Perhaps the lack of TOTP saw record labels holding back on releasing singles by acts that were in a genre that was already on its way out? If the theory is correct then when TOTP returned and acts had singles to release perhaps that was far too long a break for them to have had?

I agree with you though, glam was coming to an end, perhaps the absence of TOTP just helped hurry it along?
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Old 06-02-2013, 20:50
faversham saint
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Certainly 'SOS' was quite heavily promo'd, with the group making at least one appearance (if not more) on Summertime Special before the single reached the upper echelons of the chart.
BIB - the original signature tune of this show was Summertime City which writer Mike Batt performed on stage with the New Edition on Seaside Special in 1975.

Here is a link to the 'SOS' appearance referred to in your post:

http://www.youtube.com/watch?v=pfZdskHLFSE
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Old 06-02-2013, 21:19
Neil_Handerson
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Hi Neil, this edition was actually shown on BBC4 last year. Did you see it then at all? It was the notorious one when Gary Glitter made an appearance, in a very un-1977 look, almost creepy, and was presented by Kid Jensen. Cannot recall if it was his first ever TOTP. If you google Top Of The Pops 3rd Feb 1977 it takes you to the BBC iPlayer site of this edition, but alas it's no longer available, but you can see who appeared.

I'm sure other regulars can be more use than me for you!
Regrettably, I missed it, but would appreciate the chance to view it.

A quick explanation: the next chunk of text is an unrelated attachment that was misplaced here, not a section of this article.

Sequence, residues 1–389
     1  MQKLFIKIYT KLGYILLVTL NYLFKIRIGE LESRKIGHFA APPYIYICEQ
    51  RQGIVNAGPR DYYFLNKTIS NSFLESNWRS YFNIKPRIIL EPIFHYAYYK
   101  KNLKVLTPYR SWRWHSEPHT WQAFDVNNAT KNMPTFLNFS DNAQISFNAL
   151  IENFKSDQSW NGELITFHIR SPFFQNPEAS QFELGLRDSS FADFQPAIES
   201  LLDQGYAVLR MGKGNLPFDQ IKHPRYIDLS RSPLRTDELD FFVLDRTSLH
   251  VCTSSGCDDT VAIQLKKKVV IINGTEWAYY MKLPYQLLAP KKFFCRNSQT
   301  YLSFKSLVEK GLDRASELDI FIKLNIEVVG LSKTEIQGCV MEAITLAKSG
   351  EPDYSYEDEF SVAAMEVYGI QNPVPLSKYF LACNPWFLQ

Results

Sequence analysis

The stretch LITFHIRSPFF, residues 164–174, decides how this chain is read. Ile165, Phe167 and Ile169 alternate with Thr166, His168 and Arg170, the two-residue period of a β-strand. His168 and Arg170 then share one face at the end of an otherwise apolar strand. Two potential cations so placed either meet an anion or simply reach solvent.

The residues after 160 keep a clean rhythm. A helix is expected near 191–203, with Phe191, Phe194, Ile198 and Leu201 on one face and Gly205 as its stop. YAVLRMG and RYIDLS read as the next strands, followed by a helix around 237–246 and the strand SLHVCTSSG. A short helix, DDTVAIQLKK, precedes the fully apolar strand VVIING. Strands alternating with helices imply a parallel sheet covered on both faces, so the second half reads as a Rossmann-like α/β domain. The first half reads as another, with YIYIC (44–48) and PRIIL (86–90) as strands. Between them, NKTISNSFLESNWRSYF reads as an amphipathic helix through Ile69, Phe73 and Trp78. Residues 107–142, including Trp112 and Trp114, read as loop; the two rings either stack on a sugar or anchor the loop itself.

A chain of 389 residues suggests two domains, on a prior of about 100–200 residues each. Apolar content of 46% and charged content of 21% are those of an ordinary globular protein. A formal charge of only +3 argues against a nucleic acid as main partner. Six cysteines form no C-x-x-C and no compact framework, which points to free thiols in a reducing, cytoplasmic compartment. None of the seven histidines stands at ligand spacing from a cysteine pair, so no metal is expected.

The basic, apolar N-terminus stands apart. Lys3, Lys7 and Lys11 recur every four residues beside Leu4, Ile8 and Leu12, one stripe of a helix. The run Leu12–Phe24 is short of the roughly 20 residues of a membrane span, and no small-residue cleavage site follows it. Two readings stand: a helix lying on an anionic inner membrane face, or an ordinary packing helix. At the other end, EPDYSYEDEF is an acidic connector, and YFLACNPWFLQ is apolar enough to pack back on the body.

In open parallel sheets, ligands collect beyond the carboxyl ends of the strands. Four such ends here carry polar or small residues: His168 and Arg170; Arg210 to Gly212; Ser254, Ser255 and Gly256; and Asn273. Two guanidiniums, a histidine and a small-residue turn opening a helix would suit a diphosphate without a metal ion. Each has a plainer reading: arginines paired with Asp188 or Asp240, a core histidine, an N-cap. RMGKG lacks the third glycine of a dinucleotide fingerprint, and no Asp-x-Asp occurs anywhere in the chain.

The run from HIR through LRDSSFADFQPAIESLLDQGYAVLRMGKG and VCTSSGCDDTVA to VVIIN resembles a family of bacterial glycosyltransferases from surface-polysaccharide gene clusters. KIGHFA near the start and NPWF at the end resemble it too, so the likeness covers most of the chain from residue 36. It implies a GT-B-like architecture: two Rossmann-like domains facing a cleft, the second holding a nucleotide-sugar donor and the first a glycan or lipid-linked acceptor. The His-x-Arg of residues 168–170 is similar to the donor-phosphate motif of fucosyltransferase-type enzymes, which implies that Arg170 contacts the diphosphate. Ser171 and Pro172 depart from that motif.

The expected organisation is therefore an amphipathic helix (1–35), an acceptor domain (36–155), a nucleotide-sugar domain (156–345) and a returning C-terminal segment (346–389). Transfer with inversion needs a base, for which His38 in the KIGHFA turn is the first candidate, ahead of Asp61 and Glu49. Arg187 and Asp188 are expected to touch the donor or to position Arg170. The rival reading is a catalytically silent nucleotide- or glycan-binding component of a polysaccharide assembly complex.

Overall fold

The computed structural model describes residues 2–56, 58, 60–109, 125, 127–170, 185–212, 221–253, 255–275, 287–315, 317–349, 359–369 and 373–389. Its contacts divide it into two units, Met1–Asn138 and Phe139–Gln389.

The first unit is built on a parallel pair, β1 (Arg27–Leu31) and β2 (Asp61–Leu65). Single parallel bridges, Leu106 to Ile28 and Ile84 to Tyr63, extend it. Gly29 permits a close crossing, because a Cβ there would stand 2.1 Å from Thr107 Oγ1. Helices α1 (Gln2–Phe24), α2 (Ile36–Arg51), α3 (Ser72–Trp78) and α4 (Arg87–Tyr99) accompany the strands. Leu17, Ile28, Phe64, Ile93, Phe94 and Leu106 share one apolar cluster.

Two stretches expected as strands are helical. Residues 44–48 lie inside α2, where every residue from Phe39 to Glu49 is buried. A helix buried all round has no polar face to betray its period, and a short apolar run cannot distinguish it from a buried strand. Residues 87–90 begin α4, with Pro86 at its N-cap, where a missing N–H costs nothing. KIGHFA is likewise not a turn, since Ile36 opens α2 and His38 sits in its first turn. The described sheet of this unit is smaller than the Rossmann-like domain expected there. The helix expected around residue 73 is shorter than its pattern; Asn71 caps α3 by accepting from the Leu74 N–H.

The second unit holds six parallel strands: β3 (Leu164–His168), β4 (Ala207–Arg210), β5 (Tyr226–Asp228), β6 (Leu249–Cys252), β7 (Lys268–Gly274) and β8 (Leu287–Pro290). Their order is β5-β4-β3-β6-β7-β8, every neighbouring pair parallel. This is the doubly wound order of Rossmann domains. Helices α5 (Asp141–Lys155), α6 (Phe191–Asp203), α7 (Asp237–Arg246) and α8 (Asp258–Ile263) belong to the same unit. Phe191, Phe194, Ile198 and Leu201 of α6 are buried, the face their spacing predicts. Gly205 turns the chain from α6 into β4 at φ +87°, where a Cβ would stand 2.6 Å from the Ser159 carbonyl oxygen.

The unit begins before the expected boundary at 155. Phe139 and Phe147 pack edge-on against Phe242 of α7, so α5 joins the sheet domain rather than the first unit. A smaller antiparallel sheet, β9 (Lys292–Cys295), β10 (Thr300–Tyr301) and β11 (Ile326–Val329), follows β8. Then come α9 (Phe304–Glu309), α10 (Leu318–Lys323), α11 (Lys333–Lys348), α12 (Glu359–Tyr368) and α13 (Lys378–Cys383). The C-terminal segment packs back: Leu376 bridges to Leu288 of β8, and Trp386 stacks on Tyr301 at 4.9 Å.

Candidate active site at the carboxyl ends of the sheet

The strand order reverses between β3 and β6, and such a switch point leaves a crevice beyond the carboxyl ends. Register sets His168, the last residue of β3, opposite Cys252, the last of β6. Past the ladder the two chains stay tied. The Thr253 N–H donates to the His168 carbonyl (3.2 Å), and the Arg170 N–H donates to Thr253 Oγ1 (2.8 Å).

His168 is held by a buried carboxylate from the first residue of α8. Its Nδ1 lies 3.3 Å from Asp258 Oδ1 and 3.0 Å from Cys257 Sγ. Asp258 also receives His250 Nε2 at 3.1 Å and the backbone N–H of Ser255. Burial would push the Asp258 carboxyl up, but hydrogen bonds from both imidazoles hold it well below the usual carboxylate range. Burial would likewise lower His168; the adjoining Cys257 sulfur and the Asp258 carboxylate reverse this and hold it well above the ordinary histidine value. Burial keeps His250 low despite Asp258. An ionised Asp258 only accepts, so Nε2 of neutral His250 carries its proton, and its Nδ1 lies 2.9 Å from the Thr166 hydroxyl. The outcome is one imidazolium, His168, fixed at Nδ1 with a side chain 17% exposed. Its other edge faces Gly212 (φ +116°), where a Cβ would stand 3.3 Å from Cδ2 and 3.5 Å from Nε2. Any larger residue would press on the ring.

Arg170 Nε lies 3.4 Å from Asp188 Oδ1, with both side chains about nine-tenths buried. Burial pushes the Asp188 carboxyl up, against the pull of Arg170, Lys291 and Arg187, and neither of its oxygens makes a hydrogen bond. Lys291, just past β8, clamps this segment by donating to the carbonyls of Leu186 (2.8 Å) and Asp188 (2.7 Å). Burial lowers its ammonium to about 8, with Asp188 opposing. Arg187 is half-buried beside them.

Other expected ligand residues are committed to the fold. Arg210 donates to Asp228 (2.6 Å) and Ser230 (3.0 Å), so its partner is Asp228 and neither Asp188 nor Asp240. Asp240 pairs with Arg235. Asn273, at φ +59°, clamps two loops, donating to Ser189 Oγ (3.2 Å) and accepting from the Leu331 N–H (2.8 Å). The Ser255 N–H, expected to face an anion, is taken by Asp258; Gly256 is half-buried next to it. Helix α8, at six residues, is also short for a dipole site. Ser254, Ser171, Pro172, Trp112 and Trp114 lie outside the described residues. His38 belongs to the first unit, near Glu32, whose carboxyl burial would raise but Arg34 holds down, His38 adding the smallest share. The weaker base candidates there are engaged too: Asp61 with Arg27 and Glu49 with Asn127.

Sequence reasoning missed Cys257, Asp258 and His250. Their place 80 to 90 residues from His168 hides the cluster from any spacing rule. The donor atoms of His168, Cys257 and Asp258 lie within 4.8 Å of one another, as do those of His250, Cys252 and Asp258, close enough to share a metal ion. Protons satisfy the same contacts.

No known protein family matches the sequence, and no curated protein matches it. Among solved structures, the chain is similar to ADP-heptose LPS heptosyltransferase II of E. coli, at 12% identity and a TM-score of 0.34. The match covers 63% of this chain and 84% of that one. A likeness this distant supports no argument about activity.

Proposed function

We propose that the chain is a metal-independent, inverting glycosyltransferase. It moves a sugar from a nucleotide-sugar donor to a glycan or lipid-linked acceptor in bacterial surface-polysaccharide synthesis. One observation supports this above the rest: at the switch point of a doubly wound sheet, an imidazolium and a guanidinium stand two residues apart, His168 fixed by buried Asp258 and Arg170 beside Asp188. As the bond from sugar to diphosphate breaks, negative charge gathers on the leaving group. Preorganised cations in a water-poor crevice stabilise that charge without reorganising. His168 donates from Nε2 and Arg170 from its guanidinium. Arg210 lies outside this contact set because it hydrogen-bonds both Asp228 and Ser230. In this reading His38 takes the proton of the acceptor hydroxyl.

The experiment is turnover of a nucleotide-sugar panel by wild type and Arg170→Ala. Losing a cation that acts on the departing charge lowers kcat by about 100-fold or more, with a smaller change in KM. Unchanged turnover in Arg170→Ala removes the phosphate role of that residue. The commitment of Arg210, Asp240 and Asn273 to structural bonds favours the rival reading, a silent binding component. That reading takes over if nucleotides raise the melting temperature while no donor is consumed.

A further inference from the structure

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Old 06-02-2013, 22:20
Servalan
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A theory that has been suggested is that the MU strike in 1974 that took TOTP off air for several weeks was both responsible for the death of glam and the rise of disco. The theory is that the lack of a promotional vehicle (TOTP) for glam was also responsible for the rise of disco (kids going to a disco on a Thursday night rather than watching TOTP). I'm not sure I agree but the timing does tie in with this theory.
I never said (nor would I ever say) that the MU strike resulting in TOTP going off-air was wholly responsible for the death of glam and the rise of disco. Both were already in the wind - but disco's ascendancy was almost certainly assisted by TOTP's absence. The same effect was felt on the charts in 1980, when the MU staged their other strike that derailed TOTP.

Slade and Gary Glitter both had respectable chart performances in 1974, but T Rex had faltered outside the Top 10 at the end of 1973; and The Sweet's feud with Chinnichap hit its peak in 1974 with them walking off stage at TOTP at the end of 'Teenage Rampage' (http://www.youtube.com/watch?v=6grs9Aj5NOw). The glam boat was sinking and the smart cookies had already jumped ship.
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Old 06-02-2013, 22:26
Erithian
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The music scene at the start of 1975 must have seemed so bleak! I love it when articles like this get recalled and are so patently wrong on a grand scale.
That's what was so much fun about compiling my Record Mirror scrapbook in the early 80s from the editions I'd been hoarding since 1975! There was the review saying the Bee Gees had really lost their way with that disco style in "Jive Talkin'", the article suggesting that Slade were succeeding in breaking America, and best of all the review which read (and this is from memory): "It's unthinkable that this six-minute extravaganza won't give Queen a hit, but in all honesty it's the most unlikely serious chart contender ever. There's scarcely a shred of a tune and certainly no one hook to latch on to. There are snatches sounding like Sparks and David Cassidy, but the whole is less than the sum of its parts." You don't need two guesses with that one, do you?!
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Old 06-02-2013, 22:31
darren1090